Fr Makula posed some thought-provoking questions to the three speakers to enliven the debate. A number of themes emerged: the changes that digital has triggered in readers, publishers and their financial policies, and how to respond to these challenges.
Flavia Trupia said that we can define this era as they write in history books, 'Before social' and 'After social', we are in the transition between an old and habitual way of living, to a completely new way of living where we still have to figure out how to behave.
Our way of communicating has absolutely changed since the advent of digital, people prefer quick communication and maybe even full visual messages without using many words. Today, the people are little lazy in the deepening of their communicative analysis, which is why it is necessary to change communication to adapt to the common interests of our readers. This implies, that if we want to get a message across, we have to get to know our followers, we have to devise a new method that will be effective for them. An example was taken from the greatest communicator in the Catholic world, Pope Francis, who sends real, concrete and interesting messages to his followers through the use of body language: he likes to give a hug, shake hands, and the way he makes use of his space is very relevant.
After having asked why publishing books remains an essential decision even though statistics say that, in Italy but also in other countries, there are fewer and fewer readers today, it was said that there is still a strong interest in reading paper books rather than digital. It is true that the e-book has also taken off in recent years, but it still remains among the least favourite options for taking information.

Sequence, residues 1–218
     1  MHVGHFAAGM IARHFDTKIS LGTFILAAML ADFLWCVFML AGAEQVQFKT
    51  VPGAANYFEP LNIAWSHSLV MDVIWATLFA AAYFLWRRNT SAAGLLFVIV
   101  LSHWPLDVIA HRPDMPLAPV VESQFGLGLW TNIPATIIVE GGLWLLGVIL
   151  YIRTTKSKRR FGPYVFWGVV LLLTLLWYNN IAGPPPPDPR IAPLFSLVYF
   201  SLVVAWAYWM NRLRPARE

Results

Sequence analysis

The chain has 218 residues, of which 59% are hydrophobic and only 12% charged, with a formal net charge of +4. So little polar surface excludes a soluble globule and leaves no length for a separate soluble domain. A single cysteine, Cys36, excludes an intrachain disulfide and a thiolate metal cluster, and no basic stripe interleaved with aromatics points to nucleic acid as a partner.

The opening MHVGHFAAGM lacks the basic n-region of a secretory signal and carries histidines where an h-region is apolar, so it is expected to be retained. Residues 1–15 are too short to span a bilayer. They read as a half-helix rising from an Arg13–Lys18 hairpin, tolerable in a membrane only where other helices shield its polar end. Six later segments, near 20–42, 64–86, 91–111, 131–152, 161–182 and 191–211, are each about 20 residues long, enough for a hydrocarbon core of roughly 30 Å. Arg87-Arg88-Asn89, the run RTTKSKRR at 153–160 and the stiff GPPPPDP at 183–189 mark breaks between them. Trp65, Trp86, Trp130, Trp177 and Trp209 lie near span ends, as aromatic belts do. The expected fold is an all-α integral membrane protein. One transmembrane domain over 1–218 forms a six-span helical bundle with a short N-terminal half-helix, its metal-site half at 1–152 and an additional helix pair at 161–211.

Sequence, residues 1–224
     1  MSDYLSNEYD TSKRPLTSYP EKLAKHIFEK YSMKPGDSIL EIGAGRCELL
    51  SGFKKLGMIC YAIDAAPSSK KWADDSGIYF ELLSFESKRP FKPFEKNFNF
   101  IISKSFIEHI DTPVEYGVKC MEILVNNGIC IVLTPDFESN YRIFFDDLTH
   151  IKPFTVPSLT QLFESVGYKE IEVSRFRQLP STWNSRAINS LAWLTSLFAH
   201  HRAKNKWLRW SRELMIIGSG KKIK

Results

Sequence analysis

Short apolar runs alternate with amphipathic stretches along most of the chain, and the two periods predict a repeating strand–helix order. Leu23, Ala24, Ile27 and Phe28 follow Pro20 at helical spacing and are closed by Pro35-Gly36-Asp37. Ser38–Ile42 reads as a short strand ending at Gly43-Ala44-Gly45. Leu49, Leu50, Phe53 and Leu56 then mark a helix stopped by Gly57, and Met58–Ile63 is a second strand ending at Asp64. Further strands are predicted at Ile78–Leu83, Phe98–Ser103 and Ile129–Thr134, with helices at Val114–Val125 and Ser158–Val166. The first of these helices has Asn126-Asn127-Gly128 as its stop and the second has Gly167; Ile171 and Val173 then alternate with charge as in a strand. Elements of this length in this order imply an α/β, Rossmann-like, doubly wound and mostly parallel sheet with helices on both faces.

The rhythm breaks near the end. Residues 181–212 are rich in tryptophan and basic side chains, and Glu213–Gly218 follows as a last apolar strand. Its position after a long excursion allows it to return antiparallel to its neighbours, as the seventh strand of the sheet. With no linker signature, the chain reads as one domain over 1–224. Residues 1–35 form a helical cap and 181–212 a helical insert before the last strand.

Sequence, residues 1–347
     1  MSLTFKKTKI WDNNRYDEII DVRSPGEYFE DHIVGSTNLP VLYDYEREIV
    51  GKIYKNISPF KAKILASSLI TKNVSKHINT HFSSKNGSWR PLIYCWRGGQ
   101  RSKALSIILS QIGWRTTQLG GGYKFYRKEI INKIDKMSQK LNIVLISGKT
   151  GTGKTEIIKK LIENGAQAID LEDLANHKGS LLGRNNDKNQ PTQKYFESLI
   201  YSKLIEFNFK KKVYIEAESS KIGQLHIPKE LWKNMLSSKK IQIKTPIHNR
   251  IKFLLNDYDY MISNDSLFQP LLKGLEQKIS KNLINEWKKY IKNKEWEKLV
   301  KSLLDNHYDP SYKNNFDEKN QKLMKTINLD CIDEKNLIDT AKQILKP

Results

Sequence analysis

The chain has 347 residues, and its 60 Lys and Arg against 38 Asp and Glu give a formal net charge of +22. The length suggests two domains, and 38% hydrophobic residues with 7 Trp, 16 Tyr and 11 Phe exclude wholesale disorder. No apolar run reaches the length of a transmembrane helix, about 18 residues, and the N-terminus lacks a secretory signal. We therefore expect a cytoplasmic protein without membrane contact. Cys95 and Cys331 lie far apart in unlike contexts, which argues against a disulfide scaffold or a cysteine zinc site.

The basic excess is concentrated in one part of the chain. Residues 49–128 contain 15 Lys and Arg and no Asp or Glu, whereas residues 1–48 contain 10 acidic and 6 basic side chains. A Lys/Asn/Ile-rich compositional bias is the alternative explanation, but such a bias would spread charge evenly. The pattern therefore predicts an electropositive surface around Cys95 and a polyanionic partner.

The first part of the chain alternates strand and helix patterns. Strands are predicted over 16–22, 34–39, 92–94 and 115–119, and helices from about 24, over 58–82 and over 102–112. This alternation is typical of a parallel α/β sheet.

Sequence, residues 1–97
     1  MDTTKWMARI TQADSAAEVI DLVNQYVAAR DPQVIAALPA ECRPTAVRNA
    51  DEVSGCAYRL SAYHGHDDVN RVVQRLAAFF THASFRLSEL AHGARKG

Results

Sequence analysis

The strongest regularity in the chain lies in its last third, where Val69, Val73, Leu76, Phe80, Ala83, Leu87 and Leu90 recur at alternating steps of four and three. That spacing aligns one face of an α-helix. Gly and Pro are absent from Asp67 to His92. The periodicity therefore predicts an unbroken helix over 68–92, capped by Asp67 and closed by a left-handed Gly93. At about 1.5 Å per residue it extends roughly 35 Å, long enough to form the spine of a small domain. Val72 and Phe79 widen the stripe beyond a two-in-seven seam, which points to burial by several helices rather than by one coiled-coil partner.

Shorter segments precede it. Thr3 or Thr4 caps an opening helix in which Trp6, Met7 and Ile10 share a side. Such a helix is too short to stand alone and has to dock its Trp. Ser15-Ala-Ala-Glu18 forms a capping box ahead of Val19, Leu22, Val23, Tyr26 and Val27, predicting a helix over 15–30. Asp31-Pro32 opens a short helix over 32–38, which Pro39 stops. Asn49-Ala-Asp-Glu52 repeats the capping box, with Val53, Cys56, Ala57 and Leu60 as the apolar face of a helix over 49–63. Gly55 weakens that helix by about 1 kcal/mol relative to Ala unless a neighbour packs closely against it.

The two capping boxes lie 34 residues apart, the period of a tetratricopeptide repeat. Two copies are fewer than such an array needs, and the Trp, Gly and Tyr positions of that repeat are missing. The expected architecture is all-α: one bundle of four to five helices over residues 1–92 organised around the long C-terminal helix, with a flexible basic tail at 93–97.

Some interventions made by two participants in the meeting were also helpful to reflect on other aspects of BS, e.g. how news should be sifted, or how it should be written in order to generate more interest. Rightly so, the communication experts gave a clear answer, suggesting that news should be selected according to the target readership and consequently published either in print or digital form, depending on the age of the readers.
Another delegate pointed out to the entire audience how complex it can be to publish the most relevant news when the state to which one belongs does not allow it to be published due to a major political crisis. This gives people no way of understanding and knowing what situation those people are going through. At that point, Luca Priuli, gave a very good answer: ‘since we are a global reality, it would be fruitful if at the moment we know we cannot make a news or a make a situation known, we can share that information with our colleagues operating in other lands, only in this way can we show our work and the situation that some populations are forced to live in'.
They were interesting debates that truly opened the eyes of the participants in order to help them take the right path to carry out the mission of the Salesian Bulletin today.